Whooping cough vaccine less effective because the bacteria is mutating, study suggests

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By Erika Edwards

The vaccine for whooping cough doesn’t work as well as it used to, and new research suggests it’s largely because the bacteria behind the disease has mutated.

Researchers at the Centers for Disease Control and Prevention analyzed lab samples from patients with whooping cough between 2000 and 2013 and found Bordetella pertussis, which causes whooping cough, has gone through genetic changes over time.

That means the current vaccine is not a perfect match to the bacteria. Researchers hope the new data published Wednesday in the journal “Emerging Infectious Diseases” will help change that.

“The genomic data we provide will aid open research toward improved vaccine development and disease control strategies,” the CDC authors wrote in their report.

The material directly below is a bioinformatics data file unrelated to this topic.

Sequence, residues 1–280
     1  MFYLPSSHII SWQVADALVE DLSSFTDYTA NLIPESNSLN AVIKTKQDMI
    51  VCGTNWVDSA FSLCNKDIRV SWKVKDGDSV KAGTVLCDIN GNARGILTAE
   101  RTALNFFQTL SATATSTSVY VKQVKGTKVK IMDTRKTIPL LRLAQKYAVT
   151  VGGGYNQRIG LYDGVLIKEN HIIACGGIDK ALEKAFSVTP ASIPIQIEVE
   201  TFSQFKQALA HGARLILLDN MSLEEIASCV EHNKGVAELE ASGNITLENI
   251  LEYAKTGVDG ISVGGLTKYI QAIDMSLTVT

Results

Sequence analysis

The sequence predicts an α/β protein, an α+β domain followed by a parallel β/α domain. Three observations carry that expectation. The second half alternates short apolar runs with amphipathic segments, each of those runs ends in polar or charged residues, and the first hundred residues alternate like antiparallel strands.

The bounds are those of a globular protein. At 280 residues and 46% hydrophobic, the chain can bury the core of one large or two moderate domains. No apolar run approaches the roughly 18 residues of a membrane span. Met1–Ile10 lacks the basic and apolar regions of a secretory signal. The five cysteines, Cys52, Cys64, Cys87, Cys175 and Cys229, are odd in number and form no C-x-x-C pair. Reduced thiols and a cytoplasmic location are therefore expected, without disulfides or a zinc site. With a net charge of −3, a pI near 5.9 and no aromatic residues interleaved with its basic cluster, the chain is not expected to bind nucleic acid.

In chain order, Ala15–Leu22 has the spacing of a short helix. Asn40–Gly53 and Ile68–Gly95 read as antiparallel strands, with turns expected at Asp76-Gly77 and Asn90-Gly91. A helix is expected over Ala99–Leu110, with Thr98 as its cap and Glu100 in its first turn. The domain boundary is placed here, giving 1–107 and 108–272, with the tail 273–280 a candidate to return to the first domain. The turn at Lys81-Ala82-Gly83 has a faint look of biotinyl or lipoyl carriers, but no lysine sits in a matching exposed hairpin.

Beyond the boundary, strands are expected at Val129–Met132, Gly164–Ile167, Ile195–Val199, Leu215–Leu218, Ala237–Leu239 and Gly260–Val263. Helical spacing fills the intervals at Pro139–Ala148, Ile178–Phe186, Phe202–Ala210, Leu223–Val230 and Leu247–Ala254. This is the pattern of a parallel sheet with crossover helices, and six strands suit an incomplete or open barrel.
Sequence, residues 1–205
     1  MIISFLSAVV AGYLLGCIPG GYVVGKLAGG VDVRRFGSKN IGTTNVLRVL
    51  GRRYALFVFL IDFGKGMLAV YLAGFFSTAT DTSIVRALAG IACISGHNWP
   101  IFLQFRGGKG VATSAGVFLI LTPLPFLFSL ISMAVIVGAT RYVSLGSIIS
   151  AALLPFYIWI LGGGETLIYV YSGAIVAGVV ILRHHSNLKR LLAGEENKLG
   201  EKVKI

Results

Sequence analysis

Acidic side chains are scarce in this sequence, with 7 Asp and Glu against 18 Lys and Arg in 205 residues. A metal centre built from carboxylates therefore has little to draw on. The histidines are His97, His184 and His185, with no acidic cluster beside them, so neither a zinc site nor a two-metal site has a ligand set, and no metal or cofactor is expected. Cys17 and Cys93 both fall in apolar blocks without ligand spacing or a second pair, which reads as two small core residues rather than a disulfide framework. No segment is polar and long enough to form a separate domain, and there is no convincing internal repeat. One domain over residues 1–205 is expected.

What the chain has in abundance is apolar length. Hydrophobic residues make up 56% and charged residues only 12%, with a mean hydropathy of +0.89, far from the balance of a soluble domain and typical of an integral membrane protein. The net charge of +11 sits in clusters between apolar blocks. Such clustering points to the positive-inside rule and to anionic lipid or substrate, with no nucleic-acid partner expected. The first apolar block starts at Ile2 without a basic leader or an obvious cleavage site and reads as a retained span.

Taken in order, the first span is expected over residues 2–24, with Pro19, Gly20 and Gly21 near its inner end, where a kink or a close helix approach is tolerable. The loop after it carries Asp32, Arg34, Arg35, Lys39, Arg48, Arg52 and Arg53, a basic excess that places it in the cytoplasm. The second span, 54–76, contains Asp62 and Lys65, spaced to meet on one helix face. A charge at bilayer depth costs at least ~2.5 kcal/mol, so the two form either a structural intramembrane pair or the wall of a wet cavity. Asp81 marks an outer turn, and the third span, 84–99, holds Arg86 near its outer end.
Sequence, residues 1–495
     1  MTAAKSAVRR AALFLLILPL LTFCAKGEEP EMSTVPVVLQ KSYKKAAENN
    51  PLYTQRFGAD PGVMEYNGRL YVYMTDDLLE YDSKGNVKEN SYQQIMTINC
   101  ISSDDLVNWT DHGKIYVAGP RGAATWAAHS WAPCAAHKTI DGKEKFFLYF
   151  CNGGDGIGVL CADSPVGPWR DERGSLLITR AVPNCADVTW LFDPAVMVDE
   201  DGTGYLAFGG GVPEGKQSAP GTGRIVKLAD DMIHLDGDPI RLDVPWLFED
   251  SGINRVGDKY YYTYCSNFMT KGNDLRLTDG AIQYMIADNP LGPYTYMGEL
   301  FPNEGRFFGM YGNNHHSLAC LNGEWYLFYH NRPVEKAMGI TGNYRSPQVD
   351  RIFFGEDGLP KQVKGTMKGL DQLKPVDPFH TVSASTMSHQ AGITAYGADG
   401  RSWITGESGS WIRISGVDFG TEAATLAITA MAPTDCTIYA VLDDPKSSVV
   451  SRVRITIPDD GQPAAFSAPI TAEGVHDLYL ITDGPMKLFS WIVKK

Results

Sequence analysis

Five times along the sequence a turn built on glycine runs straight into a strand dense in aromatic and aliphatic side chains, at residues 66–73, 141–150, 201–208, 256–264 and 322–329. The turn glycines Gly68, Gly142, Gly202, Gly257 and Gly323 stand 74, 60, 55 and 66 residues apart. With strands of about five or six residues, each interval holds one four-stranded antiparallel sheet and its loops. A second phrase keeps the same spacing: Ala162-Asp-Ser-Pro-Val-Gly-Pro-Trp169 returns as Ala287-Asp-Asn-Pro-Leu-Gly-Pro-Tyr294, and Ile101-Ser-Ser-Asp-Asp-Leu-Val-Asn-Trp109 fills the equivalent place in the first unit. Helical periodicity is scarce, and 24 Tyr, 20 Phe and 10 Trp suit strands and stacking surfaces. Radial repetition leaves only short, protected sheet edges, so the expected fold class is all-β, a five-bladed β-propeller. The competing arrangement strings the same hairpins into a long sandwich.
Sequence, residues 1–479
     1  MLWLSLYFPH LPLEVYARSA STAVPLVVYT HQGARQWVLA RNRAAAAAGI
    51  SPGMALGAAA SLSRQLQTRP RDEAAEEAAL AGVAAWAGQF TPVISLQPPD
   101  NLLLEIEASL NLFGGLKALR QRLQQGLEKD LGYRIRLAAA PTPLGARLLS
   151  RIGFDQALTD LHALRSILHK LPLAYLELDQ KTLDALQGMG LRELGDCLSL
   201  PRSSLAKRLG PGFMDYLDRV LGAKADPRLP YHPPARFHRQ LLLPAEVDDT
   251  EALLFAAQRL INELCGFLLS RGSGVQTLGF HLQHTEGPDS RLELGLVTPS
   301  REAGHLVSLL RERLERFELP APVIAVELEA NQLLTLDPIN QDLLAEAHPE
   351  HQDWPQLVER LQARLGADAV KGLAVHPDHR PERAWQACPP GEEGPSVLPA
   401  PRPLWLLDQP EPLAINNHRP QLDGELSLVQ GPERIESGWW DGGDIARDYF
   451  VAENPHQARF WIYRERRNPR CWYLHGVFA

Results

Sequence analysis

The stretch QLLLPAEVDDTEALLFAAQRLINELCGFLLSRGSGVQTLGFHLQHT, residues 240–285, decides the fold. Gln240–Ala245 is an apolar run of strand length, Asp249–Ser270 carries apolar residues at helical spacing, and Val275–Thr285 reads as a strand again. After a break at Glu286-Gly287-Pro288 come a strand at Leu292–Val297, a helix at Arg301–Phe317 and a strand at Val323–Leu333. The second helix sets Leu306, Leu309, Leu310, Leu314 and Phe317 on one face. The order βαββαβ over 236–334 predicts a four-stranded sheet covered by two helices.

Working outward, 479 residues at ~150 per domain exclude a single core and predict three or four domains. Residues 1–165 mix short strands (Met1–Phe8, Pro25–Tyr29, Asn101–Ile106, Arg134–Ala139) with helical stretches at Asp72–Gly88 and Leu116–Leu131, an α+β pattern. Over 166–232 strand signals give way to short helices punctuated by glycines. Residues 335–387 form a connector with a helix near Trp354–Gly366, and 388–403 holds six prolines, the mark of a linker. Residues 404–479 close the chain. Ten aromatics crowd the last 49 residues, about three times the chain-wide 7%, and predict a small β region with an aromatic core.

Infectious disease experts agree.

“The pertussis vaccine is not optimal,” said Dr. William Schaffner, professor of preventive medicine at Vanderbilt University Medical Center.

“We’re making the best use of the vaccine, while we’re frantically doing research to make a better one,” said Schaffner. But a new vaccine for whooping cough is nowhere near ready, he said.

How contagious is whooping cough?

Anyone can get whooping cough, but newborns are most vulnerable.

Babies and children currently receive a vaccine called DTaP. It’s a shot that helps protect against three diseases: pertussis, diphtheria and tetanus. Studies have shown the vaccine is safe and works very well against diphtheria and tetanus, protecting nearly everyone who gets it for a decade.